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VII.

A

PARALLEL

OF THE

CHARACTERS

OF

Mr. DRYDEN and Mr. POPE,

As drawn by certain of their Contemporaries.

Mr. DRYDEN,

His Politics, Religion, MORALS. Mr. Dryden is a mere renegado from monarchy, poetry, and good sense? A true Republican son of monarchical Church*. A Republican Atheist. Dryden was from the beginning an αλλοπρόσαλλος, , and I doubt not will continue so to the last.

In the poem called Absalom and Achitophel are notoriously traduced, The King, the Queen, the LORDS, and GENTLEMEN, not only their honourable persons

3 Milbourn on Dryden's Virgil, 8vo. 1698. p. 6.
* Page 38. * Page 192 6 Page 8.

VII.

А

PARALLEL

OF THE

CHARACTERS

OF

Mr. POPE and Mr. DRYDEN,

As drawn by certain of their contemporaries.

Mr. POPE,

His Politics, RELIGION, MORALS.

Mr. Pope is an open and mortal enemy to his country, and the commonwealth of learning? Some call him a popish whig, which is directly inconsistent. Pope, as a papist, must be a tory and high flyero. He is both a whig and tory'.

He hath made it his custom to cackle to more than one party in their own sentiments?.

? Dennis Rem. on the Rape of the Lock, pref. p. xii.
8 Dunciad dissected.

9 Pref. to Gulliveriana.
| Dennis, Character of Mr. P.
? Theobald, Letter in Mist's Journal, June 22, 1728.

exposed, but the whole Nation and its REPRESENTATIVES notoriously libelled. It is scandalum magnatum, yea of MAJESTY itself.

He looks upon God's gospel as a foolish fable, like the Pope, to whom he is a pitiful purveyor*. His very Christianity may be questioned. He ought to expect more severity than other men, as he is most unmerciful in his reflections on others. With as good a right as his Holiness, he sets up for poetical infallibility?

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His whole Libel is all bad matter, beautified (which is all that can be said of it) with good metre. Mr. Dryden's genius did not appear in any thing more than his Versification, and whether he is to be ennobled for that only, is a question'.

Mr. DRYDEN's VIRGIL.

Tonson calls it Dryden's Virgil, to shew that this is not that Virgil so admired in the Augustean age; but a Virgil of another stamp, a silly, impertinent,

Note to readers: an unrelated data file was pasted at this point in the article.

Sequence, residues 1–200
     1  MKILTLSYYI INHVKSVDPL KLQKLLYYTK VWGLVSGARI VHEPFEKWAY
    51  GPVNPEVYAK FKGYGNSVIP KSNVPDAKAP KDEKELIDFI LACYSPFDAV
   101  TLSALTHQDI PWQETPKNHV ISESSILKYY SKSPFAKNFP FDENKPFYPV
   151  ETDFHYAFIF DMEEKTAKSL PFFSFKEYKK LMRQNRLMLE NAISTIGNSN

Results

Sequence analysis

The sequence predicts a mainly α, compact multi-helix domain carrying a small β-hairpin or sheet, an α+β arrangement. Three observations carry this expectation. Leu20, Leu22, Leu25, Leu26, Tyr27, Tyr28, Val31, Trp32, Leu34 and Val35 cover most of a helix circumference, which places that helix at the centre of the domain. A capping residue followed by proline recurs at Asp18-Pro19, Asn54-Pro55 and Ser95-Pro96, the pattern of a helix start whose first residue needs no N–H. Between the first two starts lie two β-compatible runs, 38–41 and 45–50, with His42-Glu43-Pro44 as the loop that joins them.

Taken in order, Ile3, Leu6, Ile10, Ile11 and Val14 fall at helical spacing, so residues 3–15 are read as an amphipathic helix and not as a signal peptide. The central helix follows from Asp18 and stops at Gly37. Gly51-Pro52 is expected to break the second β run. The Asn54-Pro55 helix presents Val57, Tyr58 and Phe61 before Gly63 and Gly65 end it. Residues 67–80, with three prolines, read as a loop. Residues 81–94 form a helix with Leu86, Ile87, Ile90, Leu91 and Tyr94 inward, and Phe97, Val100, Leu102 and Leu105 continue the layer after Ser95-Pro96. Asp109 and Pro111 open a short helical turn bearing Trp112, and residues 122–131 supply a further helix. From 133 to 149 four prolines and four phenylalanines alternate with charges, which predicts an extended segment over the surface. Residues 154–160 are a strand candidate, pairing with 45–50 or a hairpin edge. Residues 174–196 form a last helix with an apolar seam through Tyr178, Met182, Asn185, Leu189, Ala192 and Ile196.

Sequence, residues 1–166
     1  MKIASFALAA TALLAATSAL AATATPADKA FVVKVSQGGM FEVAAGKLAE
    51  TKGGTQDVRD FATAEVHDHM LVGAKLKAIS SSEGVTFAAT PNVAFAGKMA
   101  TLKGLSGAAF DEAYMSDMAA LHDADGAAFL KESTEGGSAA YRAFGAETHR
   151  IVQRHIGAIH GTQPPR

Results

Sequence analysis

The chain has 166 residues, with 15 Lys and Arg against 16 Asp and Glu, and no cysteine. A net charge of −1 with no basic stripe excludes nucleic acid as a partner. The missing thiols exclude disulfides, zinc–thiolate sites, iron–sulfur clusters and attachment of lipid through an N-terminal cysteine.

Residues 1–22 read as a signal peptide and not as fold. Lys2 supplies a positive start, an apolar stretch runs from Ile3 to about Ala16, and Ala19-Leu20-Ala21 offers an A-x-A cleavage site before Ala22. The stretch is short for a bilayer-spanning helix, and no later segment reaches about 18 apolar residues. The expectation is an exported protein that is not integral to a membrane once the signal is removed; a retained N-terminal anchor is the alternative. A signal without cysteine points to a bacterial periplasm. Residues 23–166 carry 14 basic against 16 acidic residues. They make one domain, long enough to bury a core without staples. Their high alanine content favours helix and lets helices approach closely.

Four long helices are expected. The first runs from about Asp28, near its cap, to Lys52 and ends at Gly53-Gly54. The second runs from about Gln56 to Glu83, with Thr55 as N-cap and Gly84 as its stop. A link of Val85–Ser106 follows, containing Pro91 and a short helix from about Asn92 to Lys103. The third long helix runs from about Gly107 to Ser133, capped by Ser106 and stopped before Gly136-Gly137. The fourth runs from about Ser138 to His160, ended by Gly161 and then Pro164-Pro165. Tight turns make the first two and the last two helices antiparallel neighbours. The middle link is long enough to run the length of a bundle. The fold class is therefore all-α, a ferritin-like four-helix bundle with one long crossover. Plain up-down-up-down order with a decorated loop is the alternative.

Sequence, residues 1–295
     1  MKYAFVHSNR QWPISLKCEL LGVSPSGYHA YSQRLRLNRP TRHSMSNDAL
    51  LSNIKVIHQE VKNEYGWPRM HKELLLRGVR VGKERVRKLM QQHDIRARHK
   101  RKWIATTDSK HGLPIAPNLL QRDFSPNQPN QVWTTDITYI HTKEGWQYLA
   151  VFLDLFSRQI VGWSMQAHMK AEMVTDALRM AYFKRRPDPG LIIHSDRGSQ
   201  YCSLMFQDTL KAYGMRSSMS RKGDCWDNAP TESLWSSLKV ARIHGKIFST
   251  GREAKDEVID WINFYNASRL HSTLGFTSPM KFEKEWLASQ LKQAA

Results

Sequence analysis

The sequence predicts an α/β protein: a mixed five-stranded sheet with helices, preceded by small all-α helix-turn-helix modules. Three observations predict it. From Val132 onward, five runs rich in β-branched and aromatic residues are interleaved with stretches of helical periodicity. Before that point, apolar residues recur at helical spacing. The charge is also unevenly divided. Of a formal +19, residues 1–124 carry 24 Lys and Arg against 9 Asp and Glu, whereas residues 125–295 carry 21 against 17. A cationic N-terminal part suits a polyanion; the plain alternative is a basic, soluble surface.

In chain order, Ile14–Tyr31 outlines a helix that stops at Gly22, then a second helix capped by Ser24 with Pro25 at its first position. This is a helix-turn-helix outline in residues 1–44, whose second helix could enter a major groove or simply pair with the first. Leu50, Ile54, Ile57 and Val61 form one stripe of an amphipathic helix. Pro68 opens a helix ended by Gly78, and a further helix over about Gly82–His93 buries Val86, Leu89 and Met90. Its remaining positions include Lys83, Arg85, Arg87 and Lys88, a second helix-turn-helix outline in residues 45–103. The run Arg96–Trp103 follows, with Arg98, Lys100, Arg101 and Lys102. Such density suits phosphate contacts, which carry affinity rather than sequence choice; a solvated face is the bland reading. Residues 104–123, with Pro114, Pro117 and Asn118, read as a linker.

3

4 Ibid.

6

Whip and Key, 4to. printed for R. Janeway, 1682. Preface. - Milbourn, p. 9.

Ibid.

p. 175. ? Page 39.

• Whip and Key, Pref. • Oldmixon, Essay on Criticism, p. 84.

In his Miscellanies the Persons abused are, The King, the QUEEN, his late MAJESTY, both Houses of Parliament, the Privy-Council, the Bench of Bishops, the Established CHURCH, the present MINISTRY, &c.

&c. To make Sense of some passages, they must be construed into Royal SCANDAL'.

He is a Popish Rhymester, bred up with a contempt of the Sacred Writings. His Religion allows him to destroy Heretics, not only with his pen,

but with fire and sword; and such were all those unhappy Wits whom he sacrificed to his accursed Popish Principles? It deserved Vengeance to suggest that Mr. Pope had less infallibility than his Namesake at Rome".

Mr. POPE only a Versifier. The smooth numbers of the Dunciad are all that recommend it, nor has it any other merit. It must be owned that he hath got a notable knack of rhyming and writing smooth verse.

Mr. POPE's HOMER.

The Homer which Lintot prints, does not talk like Homer, but like Pope; and he who translated him,

1 List at the end of a Collection of Verses, Letters, Advertisements, 8vo. Printed for A. More, 1728, and the Preface to it, p. 6. ? Dennis's Rem. on Homer, p. 27.

3 Preface to Gulliveriana, p. 11. * Dedication to the Collection of Verses, Letters, &c. p. 9. 5 Mist's Journal of June 8, 1728.

Character of Mr. P. and Dennis on Hom.

6

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